This approach is probably the most powerful because it lets you gain full control over the entire serialization process. Not only can you control the maximum length of the data to process but also you can customize the JSON processor to register type converters. In this way, you can choose the way that dates or other types are handled. You can even instruct the serializer how to treat null and empty strings. More drastically, you can even replace JavaScriptSerializer with any Json serialiser that you prefer, such as the NewtonSoft JSON serializer.

Note that if you decide to handle the serialization yourself, you can’t use JsonResult to wrap up the results for the caller. Once serialized, the original object is just a plain string that you package up using an instance of the more generic ContentResult class.

Note that, if you return the serialized JSON string through the method Json, the structure of the returned data won’t be altered. A new instance of the JavaScriptSerializer class will be created though in the folds of the method Json: This will bring you back to square one, and subject to the default length limitations of the JavaScriptSerializer class.

Application Do’s and Don’ts

I used the Json method of the Controller class for years and never experienced any sort of problem. Now I believe that I avoided problems only because I managed to keep any JSON chunk of data well below the threshold of 2MB.

When I hit the 2MB limit, I could have shrugged and reduced the size of the Json document or increased the limit by altering the code. At this point, though, my natural curiosity took charge and I felt compelled to find out whether 2MB is reasonable threshold, and whether it is reasonable to return more than 2MB of JSON data.

Some quick research showed a general consensus was that a current browser could handle up to around 1.5MB of JSON data sets without slowing down or showing side effects. Support for JSON also seems to be quite similar across the entire spectrum of available browsers. A 2MB default threshold therefore sounds as if it is wise choice.

So 2MB seems reasonable for a default threshold. Should your application reasonably request more than 2MB of JSON data? While the workarounds discussed so far enable your HTTP service to happily return several MB of data, I’m still convinced that no clients should ask for more than 1.5MB and probably far less.

I would like to suggest, from my personal experience with the JSON limitation in the JavaScriptSerializer class, that the answer is to reduce, whenever possible, the amount of data being passed. Although application-specific exceptions may apply, all applications should be very careful about the amount of data they download and should ensure that the amount of downloaded data is always justified by the use-case. The specific application I was developing needed a certain amount of data to be loaded at startup. The size of the data is not fixed and the amount of stored data grows as the system is used. When I first experienced the problem it was simply because, for the first time in three years of production, the initial load of data exceeded 2MB-it was only 1K extra but enough to crash the system. (Needless to say, there was no serious compensation logic around the request because it had never been considered an issue.) More recently I worked on the mobile frontend for the same system and built it from scratch. When I planned the startup module and the initial load of data I made of point of having a mobile-specific endpoint compacting the JSON data as much as possible. I wasn’t aware of the JSON length boundary, but I just did it because it seemed a good design and programming practice. In internal reports, I emphasized how the team managed to cut 30% of unessential data out of the JSON initial download by applying transformations that were conceptually close to the minification of script and CSS files. The team properly handled NULL values and replaced them with empty strings and also renamed properties to keep the payload smaller. In doing so, we didn’t make the mobile frontend immune from the 2MB threshold of ASP.NET MVC JSON controller methods but by adopting good programming practices we delayed the occurrence of the issue of probably several months, if not a few years.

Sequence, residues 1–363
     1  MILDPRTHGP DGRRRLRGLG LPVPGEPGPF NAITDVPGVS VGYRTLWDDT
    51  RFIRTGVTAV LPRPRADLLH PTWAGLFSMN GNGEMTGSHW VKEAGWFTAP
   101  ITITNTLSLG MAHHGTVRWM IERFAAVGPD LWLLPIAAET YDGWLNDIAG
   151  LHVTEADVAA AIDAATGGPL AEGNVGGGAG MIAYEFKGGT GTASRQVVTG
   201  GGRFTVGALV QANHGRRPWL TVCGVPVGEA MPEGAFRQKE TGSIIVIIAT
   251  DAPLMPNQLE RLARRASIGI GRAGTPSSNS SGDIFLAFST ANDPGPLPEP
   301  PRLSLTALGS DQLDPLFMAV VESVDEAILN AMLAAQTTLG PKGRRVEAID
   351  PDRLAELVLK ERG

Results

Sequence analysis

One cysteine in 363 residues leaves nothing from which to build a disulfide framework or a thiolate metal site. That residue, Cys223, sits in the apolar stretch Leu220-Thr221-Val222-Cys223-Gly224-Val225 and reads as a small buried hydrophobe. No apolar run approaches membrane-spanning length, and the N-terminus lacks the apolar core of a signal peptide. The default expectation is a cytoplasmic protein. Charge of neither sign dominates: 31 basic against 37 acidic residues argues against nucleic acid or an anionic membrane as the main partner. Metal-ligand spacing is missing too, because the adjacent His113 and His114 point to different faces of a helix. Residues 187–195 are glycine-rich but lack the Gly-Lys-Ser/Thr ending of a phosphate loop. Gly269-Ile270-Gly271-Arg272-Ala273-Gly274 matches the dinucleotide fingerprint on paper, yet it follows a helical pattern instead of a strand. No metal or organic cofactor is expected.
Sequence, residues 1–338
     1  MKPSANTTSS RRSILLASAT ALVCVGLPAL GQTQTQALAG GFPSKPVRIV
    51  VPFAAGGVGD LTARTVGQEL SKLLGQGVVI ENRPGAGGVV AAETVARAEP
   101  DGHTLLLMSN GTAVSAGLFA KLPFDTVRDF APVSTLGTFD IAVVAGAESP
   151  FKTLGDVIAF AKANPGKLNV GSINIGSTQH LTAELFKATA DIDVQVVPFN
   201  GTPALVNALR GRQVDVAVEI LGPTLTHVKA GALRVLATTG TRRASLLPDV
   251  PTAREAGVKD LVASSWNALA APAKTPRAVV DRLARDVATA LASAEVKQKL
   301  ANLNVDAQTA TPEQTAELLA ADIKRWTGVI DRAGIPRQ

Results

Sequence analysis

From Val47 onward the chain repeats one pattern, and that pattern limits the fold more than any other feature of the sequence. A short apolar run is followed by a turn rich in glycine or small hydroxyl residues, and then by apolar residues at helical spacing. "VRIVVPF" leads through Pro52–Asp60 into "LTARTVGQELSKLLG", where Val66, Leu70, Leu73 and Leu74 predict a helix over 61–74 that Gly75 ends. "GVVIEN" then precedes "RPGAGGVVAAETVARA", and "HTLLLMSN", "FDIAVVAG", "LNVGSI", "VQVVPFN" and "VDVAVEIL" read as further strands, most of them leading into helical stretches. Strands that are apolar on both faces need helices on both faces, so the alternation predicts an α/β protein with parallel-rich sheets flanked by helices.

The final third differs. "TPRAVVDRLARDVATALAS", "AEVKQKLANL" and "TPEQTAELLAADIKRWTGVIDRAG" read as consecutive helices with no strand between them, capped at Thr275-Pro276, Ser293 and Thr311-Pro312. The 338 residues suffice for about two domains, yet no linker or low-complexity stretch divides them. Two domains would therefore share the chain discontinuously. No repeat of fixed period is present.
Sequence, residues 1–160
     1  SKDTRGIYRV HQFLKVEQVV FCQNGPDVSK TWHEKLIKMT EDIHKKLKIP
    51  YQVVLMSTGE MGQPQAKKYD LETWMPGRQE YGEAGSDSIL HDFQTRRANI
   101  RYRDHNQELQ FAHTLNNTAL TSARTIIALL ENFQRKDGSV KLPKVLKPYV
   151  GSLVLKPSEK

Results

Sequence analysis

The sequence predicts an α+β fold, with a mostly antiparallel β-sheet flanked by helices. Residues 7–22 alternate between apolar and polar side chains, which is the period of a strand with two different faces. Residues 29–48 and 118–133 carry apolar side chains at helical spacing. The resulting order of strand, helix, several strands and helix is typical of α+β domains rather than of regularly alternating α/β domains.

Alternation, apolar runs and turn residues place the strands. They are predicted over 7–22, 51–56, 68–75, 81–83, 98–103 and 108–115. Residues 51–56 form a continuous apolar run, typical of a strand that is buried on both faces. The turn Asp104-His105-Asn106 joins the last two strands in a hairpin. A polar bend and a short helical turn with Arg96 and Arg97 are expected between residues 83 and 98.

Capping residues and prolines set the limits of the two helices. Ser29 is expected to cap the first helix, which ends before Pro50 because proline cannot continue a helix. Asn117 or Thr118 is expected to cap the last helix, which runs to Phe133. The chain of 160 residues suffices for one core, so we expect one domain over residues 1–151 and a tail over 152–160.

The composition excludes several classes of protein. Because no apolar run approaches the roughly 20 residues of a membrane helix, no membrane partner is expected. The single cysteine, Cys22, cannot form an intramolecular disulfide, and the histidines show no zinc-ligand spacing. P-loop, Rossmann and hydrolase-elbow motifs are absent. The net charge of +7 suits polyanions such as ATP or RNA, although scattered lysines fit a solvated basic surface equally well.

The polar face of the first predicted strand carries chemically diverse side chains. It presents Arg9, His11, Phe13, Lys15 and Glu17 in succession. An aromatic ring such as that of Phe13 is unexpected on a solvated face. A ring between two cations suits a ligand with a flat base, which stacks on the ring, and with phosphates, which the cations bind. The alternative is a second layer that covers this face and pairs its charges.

Web API Maybe?

As an ASP.NET MVC developer, I’ve never been a huge fan of Web API. I recognize the relevance of Web API and the role it plays in Web Forms development and when you design the node of a service-oriented architecture. However. But if you are building an ASP.NET MVC application and you need to expose a few JSON endpoints, then I reckon Web API overkill, though fully functional. In addition, Web API doesn’t use JavaScriptSerializer to create JSON payloads. It relies on the services of the NewtonSoft component and has no predefined limitation on the size of data.

In the context of a plain ASP.NET MVC solution, Web API is an extra cost as it requires the instantiation of an additional pipeline to process its requests. Until the ASP.NET 5 framework becomes publicly available and reliable to use, Web API and ASP.NET applications have different runtime environments. It is only in ASP.NET 5 that you will find that when targeting the .NET Framework Core, ASP.NET MVC and Web API share the same runtime. At that point, though, there will be just one type of Controller class-as opposed to what you have today-that sums up the features of ASP.NET MVC and Web API controllers of today.


Particularly where software is concerned, we don’t live in a perfect world. There are many ways of doing things and many shortcuts that sometimes developers use without knowing that it is a shortcut and without being aware of the implicit restrictions. For years I’ve chosen to use the Json method in an ASP.NET MVC controller class without being aware of any side effects, until I eventually lost a night’s sleep while making sense of a weird misbehavior in a production system.